The objective of this study was to assess the relation between autocratisation—substantial decreases in democratic traits (free and fair elections, freedom of civil and political association, and freedom of expression)—and countries’ population health outcomes and progress toward universal health coverage (UHC).
We use COVID-19 case and mortality data from 1 February 2020 to 21 September 2020 and a deterministic SEIR (susceptible, exposed, infectious and recovered) compartmental framework to model possible trajectories of severe acute respiratory syndrome coronavirus 2 (SARS-CoV-2) infections and the effects of non-pharmaceutical interventions in the United States at the state level from 22 September 2020 through 28 February 2021.
The Global Burden of Diseases, Injuries, and Risk Factors Study (GBD) 2019 produced updated and comprehensive demographic assessments of the key indicators of fertility, mortality, migration, and population for 204 countries and territories and selected subnational locations from 1950 to 2019.
GBD 2019 incorporates data from 281 586 sources and provides more than 3·5 billion estimates of health outcome and health system measures of interest for global, national, and subnational policy dialogue. From this vast amount of information, five key insights that are important for health, social, and economic development strategies have been distilled.
The Global Burden of Diseases, Injuries, and Risk Factors Study (GBD) provides a systematic scientific assessment of published, publicly available, and contributed data on incidence, prevalence, and mortality for a mutually exclusive and collectively exhaustive list of diseases and injuries.
The Global Burden of Diseases, Injuries, and Risk Factors Study (GBD) 2019 provides a standardised and comprehensive assessment of the magnitude of risk factor exposure, relative risk, and attributable burden of disease.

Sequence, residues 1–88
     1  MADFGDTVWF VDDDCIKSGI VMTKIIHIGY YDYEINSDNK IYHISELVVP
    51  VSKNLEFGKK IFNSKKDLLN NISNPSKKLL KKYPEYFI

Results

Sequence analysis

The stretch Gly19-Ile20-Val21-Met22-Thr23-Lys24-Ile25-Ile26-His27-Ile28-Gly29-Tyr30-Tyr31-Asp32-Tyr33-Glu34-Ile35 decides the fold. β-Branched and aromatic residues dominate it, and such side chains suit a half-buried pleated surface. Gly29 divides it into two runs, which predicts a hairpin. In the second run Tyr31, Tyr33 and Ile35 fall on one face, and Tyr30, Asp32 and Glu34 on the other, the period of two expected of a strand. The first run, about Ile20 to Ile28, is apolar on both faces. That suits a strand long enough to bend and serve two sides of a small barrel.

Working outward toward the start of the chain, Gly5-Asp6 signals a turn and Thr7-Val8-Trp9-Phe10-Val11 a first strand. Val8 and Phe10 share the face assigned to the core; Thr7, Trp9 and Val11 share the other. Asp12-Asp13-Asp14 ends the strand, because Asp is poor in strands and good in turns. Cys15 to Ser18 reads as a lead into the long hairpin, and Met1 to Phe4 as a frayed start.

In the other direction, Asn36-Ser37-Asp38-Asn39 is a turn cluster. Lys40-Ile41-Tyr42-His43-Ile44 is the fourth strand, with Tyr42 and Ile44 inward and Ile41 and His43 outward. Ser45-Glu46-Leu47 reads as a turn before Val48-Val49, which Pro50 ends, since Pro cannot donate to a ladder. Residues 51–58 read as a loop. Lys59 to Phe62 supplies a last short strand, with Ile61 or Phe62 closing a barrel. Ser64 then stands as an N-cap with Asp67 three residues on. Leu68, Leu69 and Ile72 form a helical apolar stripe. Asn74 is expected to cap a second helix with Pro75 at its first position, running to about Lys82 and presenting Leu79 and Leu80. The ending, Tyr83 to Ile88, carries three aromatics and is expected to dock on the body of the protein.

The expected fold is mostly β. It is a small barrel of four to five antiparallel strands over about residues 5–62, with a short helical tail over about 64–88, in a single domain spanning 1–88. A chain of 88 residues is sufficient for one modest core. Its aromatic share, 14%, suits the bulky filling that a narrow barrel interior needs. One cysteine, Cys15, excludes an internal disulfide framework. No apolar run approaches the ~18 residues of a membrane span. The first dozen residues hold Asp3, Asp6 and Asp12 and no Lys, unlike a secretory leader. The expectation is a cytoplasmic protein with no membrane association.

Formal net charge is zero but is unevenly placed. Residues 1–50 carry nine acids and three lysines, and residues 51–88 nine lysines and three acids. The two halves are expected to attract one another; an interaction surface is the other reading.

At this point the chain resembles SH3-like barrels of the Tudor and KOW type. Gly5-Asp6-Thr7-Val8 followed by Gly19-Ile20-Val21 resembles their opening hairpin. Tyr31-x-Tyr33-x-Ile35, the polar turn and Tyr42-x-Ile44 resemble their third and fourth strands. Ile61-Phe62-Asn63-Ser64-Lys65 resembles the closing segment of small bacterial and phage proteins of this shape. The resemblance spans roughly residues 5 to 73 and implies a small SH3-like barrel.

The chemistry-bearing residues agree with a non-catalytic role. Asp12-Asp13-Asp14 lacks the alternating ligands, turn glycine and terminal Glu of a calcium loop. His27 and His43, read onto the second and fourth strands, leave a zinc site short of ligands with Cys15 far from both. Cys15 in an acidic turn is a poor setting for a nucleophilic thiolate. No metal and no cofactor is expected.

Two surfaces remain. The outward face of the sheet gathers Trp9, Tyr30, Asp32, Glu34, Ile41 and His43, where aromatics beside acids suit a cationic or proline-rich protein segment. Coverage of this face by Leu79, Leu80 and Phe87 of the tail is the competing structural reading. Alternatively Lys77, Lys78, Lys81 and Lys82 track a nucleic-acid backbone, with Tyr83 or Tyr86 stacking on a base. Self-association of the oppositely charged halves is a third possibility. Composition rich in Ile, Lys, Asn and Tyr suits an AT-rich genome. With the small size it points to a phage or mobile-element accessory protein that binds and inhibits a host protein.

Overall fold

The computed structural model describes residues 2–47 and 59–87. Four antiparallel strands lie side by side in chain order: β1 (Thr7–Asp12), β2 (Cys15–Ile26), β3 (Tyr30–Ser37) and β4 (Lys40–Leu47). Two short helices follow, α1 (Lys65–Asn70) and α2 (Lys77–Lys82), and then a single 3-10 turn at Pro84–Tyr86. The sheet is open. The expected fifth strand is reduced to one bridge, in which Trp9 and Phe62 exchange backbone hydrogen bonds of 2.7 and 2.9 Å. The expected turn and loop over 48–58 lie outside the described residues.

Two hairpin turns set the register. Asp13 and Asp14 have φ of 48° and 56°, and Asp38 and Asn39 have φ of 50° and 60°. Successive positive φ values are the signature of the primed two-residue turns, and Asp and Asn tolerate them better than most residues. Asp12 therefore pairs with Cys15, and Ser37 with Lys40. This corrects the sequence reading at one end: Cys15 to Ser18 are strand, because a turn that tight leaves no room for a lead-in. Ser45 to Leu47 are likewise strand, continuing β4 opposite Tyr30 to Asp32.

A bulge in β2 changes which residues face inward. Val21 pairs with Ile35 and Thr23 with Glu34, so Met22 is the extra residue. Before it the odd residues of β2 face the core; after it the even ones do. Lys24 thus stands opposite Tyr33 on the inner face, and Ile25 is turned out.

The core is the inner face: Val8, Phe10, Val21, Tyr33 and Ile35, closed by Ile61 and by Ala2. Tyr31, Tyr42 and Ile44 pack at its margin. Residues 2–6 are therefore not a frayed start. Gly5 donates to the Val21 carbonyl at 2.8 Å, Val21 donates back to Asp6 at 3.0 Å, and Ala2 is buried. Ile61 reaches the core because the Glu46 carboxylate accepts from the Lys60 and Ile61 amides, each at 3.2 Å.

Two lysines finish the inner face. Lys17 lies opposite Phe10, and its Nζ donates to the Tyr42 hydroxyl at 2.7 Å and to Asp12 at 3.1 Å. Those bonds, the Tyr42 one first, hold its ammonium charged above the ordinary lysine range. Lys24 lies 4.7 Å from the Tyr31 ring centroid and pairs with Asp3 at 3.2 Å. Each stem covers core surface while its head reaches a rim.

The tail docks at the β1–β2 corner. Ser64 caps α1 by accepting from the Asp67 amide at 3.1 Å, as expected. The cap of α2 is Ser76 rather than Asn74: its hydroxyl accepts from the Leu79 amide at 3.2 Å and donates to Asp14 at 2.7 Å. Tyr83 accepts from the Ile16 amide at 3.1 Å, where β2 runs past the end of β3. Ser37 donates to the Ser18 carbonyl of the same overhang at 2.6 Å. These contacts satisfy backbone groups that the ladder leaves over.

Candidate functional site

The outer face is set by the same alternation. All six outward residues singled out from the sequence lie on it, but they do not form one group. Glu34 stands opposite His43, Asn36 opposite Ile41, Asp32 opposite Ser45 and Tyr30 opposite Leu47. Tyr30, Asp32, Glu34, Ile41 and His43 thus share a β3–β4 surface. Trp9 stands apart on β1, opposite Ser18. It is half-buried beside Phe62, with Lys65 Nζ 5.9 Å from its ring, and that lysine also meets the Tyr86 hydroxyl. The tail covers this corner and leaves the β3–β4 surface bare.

This study aims to analyze trends in and burden of mortality by firearms, according to age and sex, for Brazil, and the association between these deaths and indicators of possession and carrying of weapons using data from the global burden of diseases, injuries, and risk factors study (GBD) 2017.
The objective of this study was to quantify health-care spending attributable to modifiable risk factors in the USA for 2016.
This study aims to evaluate inequalities in the burden of female breast cancer in Brazil including an analysis of interregional and interstate patterns in incidence, mortality and disability-adjusted life years (DALYs) rates from 1990 to 2017, and mortality-to-incidence ratio (MIR), and their association with the Socio-demographic Index (SDI).
Using the 2017 Global Burden of Disease (GBD) results, this study sought to estimate mortality and disability-adjusted life years (DALYs) lost to non-communicable diseases caused by high body mass index (BMI) in both sexes and across age categories. This study also aimed to describe the prevalence of overweight and obesity throughout the states of Brazil.
Tuberculosis (TB) continues to be an important cause of fatal and non-fatal burden in Brazil. In this study, we present estimates for TB burden in Brazil from 1990 to 2017 using data from the Global Burden of Diseases, Injuries, and Risk Factors Study 2017 (GBD 2017).
Registered causes in vital statistics classified as garbage codes (GC) are considered indicators of quality of cause-of-death data. Our aim was to describe temporal changes in this quality in Brazil, and the leading GCs according to levels assembled for the Global Burden of Disease (GBD) study.
This study aimed to describe the mortality trends and disability-adjusted life years (DALYs) lost due to NCDs between 1990 and 2017 for Brazil and to project those for 2030 as well as the risk factors (RFs) attributed deaths according to estimates of the Global Burden of Disease Study.